The Blu-ray: Vital Disc Stats
'The Man Who Could Cheat Death' arrives on Blu-ray courtesy of Kino Lorber and their Studio Classics label. Pressed onto a Region A BD-50 disc, the disc is housed in a standard, sturdy Blu-ray case. The disc loads directly to a static image main menu with traditional navigation options.
The Video: Sizing Up the Picture
'The Man Who Could Cheat Death' is given a pretty terrific 1.66:1 1080p video transfer. The film does exhibit a strong yet controlled grain field providing some great detail levels. Facial features, clothing, and the 1890 period set design work look terrific. Occasionally colors can appear a little bleached and very pale. Thankfully these moments are relatively few. There is some great primary pop, reds can appear quite vivid and the blue velvet dress Hazel Court wears at the beginning jumps out of the screen. Black levels can also appear quite thick at times causing the actors wearing black suits and cloaks to disappear into the darkness and become floating heads while other moments everything looks spot on with plenty of shadow separation and an appreciable sense of depth. The source elements for this transfer are in pretty decent shape with only some mild speckling to report. All around I feel like this is a case of the best it's going to get. Not ideal, but not terrible either.
The Audio: Rating the Sound
The English DTS-HD MA 2.0 audio mix provided gets the job done. This is a relatively dialogue-heavy show and the dialogue keeps front and center and never loses prominence. Sound effects work is appreciable, but as the film mostly takes place in a handful of interior location, there isn't much scene-setting work required. There is a scene that takes place in a pub towards the end that is well layered with primary and background dialogue with plenty of revelry sounds to give a nice sense of atmosphere and space. Scoring rounds out the mix well enough without dominating the mix and really only perking up during the scary bits. All around a solid audio track that serves the nature of the film perfectly.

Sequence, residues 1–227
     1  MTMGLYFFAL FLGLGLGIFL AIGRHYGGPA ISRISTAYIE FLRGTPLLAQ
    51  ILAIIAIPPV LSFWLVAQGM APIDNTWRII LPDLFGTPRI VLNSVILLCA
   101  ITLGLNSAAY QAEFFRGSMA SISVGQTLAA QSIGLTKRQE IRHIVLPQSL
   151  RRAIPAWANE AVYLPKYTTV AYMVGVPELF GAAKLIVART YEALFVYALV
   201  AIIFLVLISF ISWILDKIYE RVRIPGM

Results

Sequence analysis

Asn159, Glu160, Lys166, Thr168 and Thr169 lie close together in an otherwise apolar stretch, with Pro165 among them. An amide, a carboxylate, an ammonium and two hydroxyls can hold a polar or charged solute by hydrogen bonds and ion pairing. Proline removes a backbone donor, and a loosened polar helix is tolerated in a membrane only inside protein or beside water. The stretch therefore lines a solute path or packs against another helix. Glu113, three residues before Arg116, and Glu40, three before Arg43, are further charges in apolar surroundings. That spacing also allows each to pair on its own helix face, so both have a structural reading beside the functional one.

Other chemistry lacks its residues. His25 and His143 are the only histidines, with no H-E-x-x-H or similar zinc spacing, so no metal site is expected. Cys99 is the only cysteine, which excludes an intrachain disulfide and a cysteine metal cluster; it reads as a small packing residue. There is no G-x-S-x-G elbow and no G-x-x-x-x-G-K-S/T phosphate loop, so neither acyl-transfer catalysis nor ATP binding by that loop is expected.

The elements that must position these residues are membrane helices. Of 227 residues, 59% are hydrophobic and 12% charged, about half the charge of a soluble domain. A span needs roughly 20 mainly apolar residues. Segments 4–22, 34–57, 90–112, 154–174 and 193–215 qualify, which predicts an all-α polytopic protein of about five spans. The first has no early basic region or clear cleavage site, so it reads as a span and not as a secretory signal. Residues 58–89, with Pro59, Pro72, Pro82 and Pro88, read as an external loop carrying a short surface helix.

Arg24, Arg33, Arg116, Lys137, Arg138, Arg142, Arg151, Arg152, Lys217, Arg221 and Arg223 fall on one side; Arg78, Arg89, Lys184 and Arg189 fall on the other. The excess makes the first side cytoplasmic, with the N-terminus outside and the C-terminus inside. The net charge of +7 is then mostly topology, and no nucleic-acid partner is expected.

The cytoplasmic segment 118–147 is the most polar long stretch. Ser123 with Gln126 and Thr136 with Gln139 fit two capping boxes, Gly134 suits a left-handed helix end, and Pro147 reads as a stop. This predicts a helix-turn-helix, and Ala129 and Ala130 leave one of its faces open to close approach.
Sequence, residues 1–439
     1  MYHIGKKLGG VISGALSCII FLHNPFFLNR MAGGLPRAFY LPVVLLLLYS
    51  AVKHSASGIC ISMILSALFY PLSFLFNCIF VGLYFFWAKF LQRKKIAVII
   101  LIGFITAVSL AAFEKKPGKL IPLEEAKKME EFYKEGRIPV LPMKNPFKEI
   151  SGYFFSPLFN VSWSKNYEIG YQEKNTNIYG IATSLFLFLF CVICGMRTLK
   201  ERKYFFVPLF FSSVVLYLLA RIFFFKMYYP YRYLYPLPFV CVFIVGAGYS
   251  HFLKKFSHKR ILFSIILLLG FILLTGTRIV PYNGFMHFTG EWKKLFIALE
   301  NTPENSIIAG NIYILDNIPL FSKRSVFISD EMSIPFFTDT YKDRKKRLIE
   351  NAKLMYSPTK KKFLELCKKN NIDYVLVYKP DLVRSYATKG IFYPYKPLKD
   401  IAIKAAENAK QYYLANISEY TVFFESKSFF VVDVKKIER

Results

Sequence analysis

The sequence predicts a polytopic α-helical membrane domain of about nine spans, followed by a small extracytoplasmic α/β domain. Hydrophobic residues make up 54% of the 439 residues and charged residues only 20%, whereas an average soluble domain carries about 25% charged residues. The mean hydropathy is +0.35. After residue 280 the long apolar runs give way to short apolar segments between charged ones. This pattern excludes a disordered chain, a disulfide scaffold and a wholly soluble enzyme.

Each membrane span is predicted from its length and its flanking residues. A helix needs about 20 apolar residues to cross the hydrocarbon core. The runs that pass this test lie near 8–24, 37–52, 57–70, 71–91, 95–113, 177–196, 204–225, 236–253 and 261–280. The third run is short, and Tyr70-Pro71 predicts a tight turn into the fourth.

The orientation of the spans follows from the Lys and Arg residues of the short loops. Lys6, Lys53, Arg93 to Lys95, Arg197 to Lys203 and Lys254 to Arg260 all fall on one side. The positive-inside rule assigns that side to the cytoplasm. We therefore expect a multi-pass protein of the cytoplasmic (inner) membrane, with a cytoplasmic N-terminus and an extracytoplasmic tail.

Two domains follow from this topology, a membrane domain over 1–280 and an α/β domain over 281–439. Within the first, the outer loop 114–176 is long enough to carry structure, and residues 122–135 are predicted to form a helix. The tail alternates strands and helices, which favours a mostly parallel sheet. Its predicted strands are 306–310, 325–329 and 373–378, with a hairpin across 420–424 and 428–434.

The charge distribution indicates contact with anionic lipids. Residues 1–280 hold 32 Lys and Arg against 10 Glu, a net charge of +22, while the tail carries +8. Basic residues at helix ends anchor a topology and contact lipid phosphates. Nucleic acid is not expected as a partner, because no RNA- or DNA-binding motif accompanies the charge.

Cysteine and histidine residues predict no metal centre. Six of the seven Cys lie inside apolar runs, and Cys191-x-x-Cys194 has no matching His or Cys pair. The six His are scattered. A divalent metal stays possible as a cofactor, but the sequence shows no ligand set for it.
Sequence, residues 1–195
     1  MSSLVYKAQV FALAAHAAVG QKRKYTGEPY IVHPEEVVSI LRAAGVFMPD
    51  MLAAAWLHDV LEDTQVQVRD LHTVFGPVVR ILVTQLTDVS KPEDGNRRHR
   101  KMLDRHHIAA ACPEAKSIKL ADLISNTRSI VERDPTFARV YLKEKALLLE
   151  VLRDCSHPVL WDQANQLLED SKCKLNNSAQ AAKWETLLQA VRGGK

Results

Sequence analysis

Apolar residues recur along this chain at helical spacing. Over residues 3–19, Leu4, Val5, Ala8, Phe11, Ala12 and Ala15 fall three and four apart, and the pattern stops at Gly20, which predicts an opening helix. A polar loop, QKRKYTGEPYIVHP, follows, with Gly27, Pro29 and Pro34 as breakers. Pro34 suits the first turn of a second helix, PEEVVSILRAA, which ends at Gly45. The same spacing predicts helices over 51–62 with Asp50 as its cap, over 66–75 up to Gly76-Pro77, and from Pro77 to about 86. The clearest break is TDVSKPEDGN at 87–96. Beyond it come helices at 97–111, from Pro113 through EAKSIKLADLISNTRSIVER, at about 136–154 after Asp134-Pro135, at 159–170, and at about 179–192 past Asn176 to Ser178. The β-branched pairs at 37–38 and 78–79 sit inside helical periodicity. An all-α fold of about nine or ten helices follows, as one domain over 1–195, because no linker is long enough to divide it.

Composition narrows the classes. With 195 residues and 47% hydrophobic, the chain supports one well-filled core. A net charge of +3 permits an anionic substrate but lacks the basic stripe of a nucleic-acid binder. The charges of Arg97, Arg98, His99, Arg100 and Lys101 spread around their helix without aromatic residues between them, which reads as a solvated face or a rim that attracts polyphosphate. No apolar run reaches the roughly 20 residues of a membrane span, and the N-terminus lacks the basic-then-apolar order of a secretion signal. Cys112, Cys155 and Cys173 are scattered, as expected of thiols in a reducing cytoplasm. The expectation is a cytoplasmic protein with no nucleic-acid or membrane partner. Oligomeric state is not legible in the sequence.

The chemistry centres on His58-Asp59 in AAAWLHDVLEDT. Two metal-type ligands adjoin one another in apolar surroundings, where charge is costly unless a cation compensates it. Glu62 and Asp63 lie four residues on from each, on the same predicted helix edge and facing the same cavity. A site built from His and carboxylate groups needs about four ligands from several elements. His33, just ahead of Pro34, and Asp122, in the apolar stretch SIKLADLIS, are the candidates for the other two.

The Supplements: Digging Into the Good Stuff
Audio Commentary: Film Historian Troy Howarth does a terrific job discussing the film and providing a great amount of information about this flick as well as other Hammer productions.
Kim Newman Interview: (HD 17:09) Critic and novelist Kim Newman provides a terrific amount of Hammer related material and the studio's move into gothic horror.
Jonathan Rigby Interview: (HD 16:52) Author and historian Jonathan Rigby jumps right into Hammer's release of 'The Man Who Could Cheat Death' and how American companies were trying to get into bed with the studio. It's a great interview.
Trailers From Hell 'The Skull': (HD 2:36) Joe Dante briefly discusses this Hammer films competitor.
'The Crimson Cult' Trailer: (HD 2:03)
'Twice Told Tales' Trailer: (HD 2:43)
'Madhouse' Trailer: (HD 1:48)
'The Oblong Box' Trailer: (SD 1:56)
'Tales of Terror' Trailer: (HD 2:21)
If you love your horror films grim and gothic and the Hammer touch, it doesn't get much better than 'The Man Who Could Cheat Death.' It's a chilling, creepy blend of 'Frankenstein' and 'The Picture of Dorian Gray' and the results should please just about any classic horror film fan. Kino Lorber has done a solid job with this release providing a strong A/V presentation with a host of interesting bonus features to pick through. For a great night in under the covers, give this Blu-ray of 'The Man Who Could Cheat Death' a spin. Recommended.
- 1080p/AVC MPEG-4
- English DTS-HD MA 2.0
- English SDH
- Audio Commentary by Film Historian Troy Howarth
- Interview with critic and novelist Kim Newman (17:09)
- Interview with author and historian Jonathan Rigby (16:52)
- Trailer Gallery